Does your smartphone think? Is it conscious? Hopefully not. But could there ever be a smartphone, or any computer, that thinks with a rich, conscious, mental life of comparable complexity to your own? In this article Professor Nicholas Jones considers some of the answers to these questions…
This question might seem utterly intractable. It’s natural to regard our own consciousness as something private to each of us. You have your thoughts and experiences. I have mine. Neither of us can access the other’s. I can’t think your thoughts, or have your experiences, just as you can’t mine. What goes for other humans goes for smartphones too. So even if smartphones could think, we could never know, because we could never think their thoughts or have their experiences.
Yet that can’t be the whole story. Somehow or other, we do all know that other human beings have conscious inner lives. You know that if you step on my toe, I will feel pain. And I know the same about you. We know this because we interact with other people and they respond: ouch, that hurts, get off my toe! We learn to interpret these responses and thereby learn how other people think. This knowledge is imperfect – it’s incomplete and sometimes wrong – but it’s real. It’s also central to our relationships with other people. We treat other conscious people very differently from unthinking stones.
That’s how we know that others think. But our question wasn’t about knowing whether smartphones think. Our question was whether they do or could think, regardless of whether we knew. Those are different questions. Yet they were ingeniously connected by Alan Turing, a founder of theoretical computing. His proposal is now called the Turing Test.
Here’s a version of the Test. You’re having two text message conversations. You can ask questions in each conversation. Your conversational partner has to respond. One of them is an ordinary human. The other is a computer. The computer passes the Test if you can’t tell which is which. Turing’s idea: if the computer can reliably pass the test, then it thinks. To put it slightly differently and more generally: to think is just to speak and act how we ordinarily take thinkers to speak and act.
Is that right? A thought experiment proposed by Ned Block suggests not. Imagine a mad scientist who knows how you will respond to every possible input. They program a machine that looks just like you to respond exactly as you would, in every possible circumstance. Unlike you, the machine doesn’t use complex neural processing to decide how to act. Instead it just consults the mad scientist’s list of possible inputs and corresponding responses. Since you would pass Turing’s Test, this machine would too. Yet the machine isn’t thinking, Block claimed, just consulting a database.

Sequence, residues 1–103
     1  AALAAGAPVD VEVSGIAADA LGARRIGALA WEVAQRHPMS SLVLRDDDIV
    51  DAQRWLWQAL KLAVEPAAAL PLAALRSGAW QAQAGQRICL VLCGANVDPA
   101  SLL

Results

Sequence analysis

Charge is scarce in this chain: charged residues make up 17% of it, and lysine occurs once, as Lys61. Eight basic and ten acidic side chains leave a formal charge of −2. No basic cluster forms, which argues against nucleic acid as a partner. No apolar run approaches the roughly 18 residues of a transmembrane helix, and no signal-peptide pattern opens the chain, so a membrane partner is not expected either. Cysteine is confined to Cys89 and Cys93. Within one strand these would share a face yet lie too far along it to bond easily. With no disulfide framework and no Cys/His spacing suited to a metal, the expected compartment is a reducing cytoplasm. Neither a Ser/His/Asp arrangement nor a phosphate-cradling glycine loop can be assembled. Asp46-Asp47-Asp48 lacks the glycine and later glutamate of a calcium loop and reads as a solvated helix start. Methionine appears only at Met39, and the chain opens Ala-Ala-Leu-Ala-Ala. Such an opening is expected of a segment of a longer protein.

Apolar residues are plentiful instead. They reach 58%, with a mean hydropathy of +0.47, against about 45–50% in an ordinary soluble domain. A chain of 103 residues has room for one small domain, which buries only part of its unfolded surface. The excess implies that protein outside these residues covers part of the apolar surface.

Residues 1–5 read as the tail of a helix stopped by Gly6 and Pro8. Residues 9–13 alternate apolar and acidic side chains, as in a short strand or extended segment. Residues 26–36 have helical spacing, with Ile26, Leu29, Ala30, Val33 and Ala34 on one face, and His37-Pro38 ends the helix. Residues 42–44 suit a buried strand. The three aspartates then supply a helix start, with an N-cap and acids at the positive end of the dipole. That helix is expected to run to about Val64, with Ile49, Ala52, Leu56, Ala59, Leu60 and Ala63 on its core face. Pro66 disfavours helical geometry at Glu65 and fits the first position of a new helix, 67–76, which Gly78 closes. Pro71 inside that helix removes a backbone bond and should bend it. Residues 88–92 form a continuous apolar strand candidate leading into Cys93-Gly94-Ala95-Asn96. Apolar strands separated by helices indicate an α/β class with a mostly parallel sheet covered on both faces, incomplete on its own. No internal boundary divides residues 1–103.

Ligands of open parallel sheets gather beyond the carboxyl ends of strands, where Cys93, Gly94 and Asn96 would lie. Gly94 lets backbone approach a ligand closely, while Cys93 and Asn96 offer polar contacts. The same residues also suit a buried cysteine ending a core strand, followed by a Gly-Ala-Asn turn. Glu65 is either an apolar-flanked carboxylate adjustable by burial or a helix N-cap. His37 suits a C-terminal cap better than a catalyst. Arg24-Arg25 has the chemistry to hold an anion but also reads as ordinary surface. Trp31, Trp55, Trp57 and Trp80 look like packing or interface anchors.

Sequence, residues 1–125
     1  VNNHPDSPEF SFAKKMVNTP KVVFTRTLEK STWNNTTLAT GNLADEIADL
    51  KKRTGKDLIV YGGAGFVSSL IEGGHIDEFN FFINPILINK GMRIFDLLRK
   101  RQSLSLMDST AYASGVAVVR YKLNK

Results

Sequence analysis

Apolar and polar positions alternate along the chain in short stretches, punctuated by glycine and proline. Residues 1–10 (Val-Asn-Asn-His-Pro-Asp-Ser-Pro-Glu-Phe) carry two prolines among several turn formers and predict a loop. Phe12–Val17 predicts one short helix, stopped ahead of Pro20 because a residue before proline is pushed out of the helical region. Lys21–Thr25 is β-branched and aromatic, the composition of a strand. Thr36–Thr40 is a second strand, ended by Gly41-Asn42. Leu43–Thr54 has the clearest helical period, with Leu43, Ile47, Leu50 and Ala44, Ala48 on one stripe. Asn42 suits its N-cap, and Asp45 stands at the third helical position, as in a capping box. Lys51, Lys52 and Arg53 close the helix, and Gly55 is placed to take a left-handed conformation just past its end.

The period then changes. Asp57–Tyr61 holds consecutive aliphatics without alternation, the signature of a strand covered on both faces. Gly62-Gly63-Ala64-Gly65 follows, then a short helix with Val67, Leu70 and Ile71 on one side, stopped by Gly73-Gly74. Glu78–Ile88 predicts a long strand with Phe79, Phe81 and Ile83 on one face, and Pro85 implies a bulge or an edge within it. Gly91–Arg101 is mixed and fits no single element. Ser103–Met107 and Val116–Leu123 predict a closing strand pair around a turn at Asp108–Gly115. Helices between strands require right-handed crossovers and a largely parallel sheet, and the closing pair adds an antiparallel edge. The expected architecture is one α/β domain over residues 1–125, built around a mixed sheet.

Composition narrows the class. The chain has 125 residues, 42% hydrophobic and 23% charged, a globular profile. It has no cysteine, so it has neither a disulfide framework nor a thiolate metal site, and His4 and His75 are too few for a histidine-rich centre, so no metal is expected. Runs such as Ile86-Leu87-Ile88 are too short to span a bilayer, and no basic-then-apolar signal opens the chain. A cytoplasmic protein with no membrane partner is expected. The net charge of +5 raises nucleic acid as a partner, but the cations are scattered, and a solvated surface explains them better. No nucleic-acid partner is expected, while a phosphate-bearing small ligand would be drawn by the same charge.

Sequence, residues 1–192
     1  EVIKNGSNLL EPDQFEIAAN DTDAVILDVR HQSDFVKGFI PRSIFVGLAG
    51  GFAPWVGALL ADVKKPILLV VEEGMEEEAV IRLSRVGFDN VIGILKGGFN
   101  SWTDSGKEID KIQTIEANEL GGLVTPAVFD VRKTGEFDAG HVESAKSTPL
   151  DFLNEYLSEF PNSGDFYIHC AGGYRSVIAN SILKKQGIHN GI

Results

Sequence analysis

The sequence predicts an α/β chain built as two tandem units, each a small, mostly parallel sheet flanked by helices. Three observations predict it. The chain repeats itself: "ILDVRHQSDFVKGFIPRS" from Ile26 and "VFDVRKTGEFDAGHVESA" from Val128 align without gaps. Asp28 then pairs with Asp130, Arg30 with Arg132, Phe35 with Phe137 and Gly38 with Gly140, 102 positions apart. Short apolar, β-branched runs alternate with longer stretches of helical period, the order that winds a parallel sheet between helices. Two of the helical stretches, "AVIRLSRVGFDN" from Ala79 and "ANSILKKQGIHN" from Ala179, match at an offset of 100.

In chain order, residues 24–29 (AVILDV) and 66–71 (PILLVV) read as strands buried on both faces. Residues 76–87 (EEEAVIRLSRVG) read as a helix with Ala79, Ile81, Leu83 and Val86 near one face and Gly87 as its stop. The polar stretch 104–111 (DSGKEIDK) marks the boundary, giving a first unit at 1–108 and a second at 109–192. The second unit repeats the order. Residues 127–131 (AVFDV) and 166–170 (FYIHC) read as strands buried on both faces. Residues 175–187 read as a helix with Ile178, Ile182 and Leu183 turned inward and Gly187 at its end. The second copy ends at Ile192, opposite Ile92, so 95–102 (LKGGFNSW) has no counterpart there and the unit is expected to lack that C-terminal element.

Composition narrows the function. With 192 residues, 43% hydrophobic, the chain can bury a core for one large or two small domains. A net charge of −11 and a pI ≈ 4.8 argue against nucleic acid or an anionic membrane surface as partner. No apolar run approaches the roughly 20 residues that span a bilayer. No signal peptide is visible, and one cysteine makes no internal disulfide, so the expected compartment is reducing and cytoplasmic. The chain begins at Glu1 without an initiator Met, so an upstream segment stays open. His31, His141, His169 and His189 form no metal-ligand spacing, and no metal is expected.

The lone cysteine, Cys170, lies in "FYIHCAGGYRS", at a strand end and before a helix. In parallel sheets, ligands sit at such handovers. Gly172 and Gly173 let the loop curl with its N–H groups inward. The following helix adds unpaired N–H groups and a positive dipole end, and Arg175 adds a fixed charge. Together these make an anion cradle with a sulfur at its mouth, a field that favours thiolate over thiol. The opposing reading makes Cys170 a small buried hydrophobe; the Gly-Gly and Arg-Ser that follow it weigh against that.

Should we accept that Block’s machine isn’t thinking? It’s processing and responding to information. Why does it matter just how the machine does so? And if Turing’s Test is no good, our knowledge of other people is thrown into doubt. The idea behind the Test is just that the way we usually decide what others are thinking is a good way of doing so. If something could pass the Test without really thinking, our ordinary ways of deciding whether others think are inconclusive too. How could you then know that you’re not the only conscious thinker, in an otherwise thought-free universe?
Professor Nicholas Jones is Tutorial Fellow in Philosophy at St. John’s College, Oxford
Do you really know that other human beings have conscious thought?
- If so, how do you know this? And could you also know in this way whether a computer had conscious thought?
- If not, should that affect how you behave towards other people? For example, is it ok to stamp on other people’s toes, given that you don’t know pain will result?
Is Block’s machine really possible? How does it differ from human beings? And how, if at all, does that matter to Turing’s Test?
The Stanford Encyclopedia of Philosophy has excellent entries on both the Turing Test and on Turing himself.
- Turing Test: https://plato.stanford.edu/entries/turing-test/
- Alan Turing: https://plato.stanford.edu/entries/turing/
Crash Course Philosophy has a good video introduction to most of the ideas discussed here, “AI & Personhood”
Here are two TED talks on questions raised by this article but that are not its main focus:
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